What happened in 1965-66 was a complete overturning of the existing political system, economic structure, and cultural life. The prisons of the New Order were filled with the best and brightest of that generation. Once more, the energy of the people was crushed in a brutal fashion. Not only the exceptionally brilliant ended in jail. Farmers used to do their own research. They tried to educate themselves. Today there is nothing like that.

I'm told that Indonesia last year published only 22 scholarly papers in mathematics. In Vietnam, which only emerged from war in 1975, there were about 1,300. Of course the killings of 1965 alone can't explain this, but the New Order military had such an obsession to control everything that it managed to snuff out all initiative. A massive purge such as 1965-66 had never happened before. The New Order crushed not only the PKI but an entire nationalist generation, all those who came up in the 1940s and '50s. Many of them were not even involved in the PKI.

Many activists began to research the history of the New Order as soon as it ended in 1998. When Suharto resigned everyone agreed things had to change. But most thought only of combatting corruption and getting rid of the bad eggs. Why didn't they deal with land ownership, for example? Or labour reform, or the rehabilitation of political prisoners? The reformasi agenda was not radical enough. That is what drove us to try to understand what we were really up against.

We in Jaringan Kerja Budaya (JKB) had long been thinking about this. To us, the New Order was a cultural black hole. It was covered with a lid, and on that they erected what they called Indonesian culture. We wanted to know just how deep that black hole was, and what had been lost. We discovered that so many of today's issues had already been the subject of lively debate in the '40s and '50s. So many experiments, right here in our own country, were sucked into the black hole. Post-coloniality, for example - the question of how the colonial heritage influenced our culture. An economics of the people - this was not just a debate but actually put into practice. Organic farming - this too was a practice that was sucked into the black hole.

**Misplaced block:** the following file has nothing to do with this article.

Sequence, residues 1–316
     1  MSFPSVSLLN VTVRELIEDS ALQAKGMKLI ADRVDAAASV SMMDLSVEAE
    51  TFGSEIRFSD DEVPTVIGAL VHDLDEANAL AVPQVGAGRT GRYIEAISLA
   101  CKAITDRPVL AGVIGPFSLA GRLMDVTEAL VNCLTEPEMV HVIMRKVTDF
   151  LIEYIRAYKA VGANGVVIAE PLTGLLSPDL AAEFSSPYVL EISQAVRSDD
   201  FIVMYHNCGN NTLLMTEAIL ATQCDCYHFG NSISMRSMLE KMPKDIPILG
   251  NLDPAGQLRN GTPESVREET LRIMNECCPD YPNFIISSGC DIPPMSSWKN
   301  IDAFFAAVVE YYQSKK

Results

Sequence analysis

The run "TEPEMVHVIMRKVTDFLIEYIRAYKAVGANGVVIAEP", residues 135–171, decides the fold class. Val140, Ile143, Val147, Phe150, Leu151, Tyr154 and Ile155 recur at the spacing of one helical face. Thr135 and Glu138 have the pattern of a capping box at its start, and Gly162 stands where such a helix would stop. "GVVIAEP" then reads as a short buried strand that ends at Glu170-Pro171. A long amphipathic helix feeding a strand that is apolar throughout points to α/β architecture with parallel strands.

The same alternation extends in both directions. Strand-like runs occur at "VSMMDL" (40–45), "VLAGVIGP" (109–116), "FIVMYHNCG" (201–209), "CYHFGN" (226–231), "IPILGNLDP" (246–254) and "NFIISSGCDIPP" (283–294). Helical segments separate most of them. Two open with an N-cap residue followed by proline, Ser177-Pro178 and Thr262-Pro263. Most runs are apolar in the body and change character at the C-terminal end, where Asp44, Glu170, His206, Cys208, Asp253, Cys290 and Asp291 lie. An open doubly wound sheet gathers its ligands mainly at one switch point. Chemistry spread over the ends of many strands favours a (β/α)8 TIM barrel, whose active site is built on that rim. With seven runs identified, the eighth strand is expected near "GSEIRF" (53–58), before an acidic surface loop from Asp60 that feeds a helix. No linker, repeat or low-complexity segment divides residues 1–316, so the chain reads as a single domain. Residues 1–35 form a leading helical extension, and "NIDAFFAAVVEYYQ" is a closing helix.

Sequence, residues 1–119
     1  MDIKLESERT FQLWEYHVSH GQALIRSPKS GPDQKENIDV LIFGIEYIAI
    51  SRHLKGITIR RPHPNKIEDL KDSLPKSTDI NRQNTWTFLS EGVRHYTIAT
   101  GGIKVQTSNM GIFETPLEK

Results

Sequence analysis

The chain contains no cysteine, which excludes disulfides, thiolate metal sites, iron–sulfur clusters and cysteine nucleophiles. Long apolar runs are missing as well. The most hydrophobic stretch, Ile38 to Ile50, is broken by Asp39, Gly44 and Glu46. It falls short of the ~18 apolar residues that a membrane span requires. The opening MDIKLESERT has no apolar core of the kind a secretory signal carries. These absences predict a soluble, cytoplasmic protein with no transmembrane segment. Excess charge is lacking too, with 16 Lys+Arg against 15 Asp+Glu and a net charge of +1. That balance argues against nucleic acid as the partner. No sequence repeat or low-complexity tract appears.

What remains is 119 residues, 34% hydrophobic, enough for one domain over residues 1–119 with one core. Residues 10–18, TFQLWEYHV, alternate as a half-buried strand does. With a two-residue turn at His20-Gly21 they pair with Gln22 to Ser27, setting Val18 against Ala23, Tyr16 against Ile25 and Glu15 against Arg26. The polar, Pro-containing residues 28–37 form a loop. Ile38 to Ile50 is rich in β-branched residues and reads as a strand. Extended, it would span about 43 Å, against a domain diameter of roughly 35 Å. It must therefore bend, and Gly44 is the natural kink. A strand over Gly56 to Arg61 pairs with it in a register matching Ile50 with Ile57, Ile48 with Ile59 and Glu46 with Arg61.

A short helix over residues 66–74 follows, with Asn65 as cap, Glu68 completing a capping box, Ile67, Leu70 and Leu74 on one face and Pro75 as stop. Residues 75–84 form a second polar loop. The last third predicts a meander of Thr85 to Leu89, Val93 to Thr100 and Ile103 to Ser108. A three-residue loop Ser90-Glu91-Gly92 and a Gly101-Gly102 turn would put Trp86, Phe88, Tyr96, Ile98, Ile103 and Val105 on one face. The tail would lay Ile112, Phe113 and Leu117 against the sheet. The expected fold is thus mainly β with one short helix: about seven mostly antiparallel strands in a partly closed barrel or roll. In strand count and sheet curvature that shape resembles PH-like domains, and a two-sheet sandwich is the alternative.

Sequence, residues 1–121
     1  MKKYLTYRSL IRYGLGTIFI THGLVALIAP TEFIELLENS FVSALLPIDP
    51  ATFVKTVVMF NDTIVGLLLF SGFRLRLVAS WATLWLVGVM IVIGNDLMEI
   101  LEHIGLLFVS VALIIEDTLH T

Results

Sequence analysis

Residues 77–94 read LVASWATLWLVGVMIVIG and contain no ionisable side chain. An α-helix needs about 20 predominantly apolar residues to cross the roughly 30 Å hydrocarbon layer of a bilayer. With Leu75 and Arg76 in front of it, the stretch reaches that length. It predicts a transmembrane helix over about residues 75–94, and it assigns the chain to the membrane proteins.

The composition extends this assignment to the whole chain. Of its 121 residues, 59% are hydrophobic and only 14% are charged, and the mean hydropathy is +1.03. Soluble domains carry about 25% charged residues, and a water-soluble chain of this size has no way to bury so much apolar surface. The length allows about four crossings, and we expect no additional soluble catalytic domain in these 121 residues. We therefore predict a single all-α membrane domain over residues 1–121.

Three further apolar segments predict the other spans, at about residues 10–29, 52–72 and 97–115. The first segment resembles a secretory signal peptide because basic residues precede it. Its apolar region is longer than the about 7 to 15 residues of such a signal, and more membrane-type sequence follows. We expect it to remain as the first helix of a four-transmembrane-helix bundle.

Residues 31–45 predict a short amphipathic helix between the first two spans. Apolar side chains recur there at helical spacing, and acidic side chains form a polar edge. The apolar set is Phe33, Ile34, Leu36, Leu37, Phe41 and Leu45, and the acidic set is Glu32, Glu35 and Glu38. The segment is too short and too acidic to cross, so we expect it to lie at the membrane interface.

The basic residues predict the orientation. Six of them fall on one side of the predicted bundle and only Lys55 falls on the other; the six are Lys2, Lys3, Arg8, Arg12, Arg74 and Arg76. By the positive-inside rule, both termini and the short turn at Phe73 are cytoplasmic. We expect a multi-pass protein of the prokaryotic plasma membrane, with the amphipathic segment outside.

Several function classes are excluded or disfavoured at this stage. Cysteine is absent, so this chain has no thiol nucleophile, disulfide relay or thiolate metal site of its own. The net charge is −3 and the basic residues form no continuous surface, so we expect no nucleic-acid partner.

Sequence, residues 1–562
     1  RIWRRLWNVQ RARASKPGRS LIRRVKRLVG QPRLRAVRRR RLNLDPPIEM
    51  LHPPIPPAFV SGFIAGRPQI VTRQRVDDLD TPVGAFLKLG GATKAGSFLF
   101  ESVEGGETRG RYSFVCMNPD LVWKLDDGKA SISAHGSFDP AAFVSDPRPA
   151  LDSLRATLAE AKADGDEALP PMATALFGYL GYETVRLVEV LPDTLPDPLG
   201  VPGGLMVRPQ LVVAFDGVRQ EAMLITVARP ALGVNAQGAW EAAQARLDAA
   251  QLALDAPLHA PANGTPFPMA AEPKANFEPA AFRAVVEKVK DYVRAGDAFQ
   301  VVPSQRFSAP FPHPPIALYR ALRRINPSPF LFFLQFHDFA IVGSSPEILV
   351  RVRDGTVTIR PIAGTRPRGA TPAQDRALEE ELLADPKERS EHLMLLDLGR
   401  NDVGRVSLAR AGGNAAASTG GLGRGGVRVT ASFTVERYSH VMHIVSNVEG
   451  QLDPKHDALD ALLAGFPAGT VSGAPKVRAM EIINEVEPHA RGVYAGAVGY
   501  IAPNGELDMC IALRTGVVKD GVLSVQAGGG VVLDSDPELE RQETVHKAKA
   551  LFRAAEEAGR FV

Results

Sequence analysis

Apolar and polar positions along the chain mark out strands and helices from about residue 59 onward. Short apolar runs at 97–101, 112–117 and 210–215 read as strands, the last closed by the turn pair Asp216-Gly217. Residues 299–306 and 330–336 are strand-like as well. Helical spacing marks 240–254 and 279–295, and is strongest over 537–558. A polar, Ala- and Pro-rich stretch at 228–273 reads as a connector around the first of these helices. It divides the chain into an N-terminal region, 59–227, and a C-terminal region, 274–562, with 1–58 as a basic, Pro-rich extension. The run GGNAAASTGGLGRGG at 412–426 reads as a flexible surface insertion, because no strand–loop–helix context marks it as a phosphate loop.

There's a famous hotel in Bali that was built in 1967. Apparently its foundations are in a mass grave of people killed in 1965-66. This literally demonstrates the black hole of the New Order, but it is also a metaphor. Those buried there belonged to a popular movement to build their own society on their own strength, without having to rely on foreign capital. On their graves was built this massive foreign-funded hotel, thus making Bali what it since became, a centre for the tourist industry.

Hilmar Farid ('Fay') was born in 1968 and spent his early childhood in Germany. He graduated in history from the University of Indonesia, and now leads the Network for Cultural Work (Jaringan Kerja Budaya, jkb@indo.net.id), which publishes the magazine Media Kerja Budaya (MKB, www.geocities.com/mkb_id/). He is a productive writer and translator. JKB is conducting research on the history of the New Order. This article was composed from an interview conducted by Gerry van Klinken on 4 August 2001.

Inside Indonesia 68: Oct - Dec 2001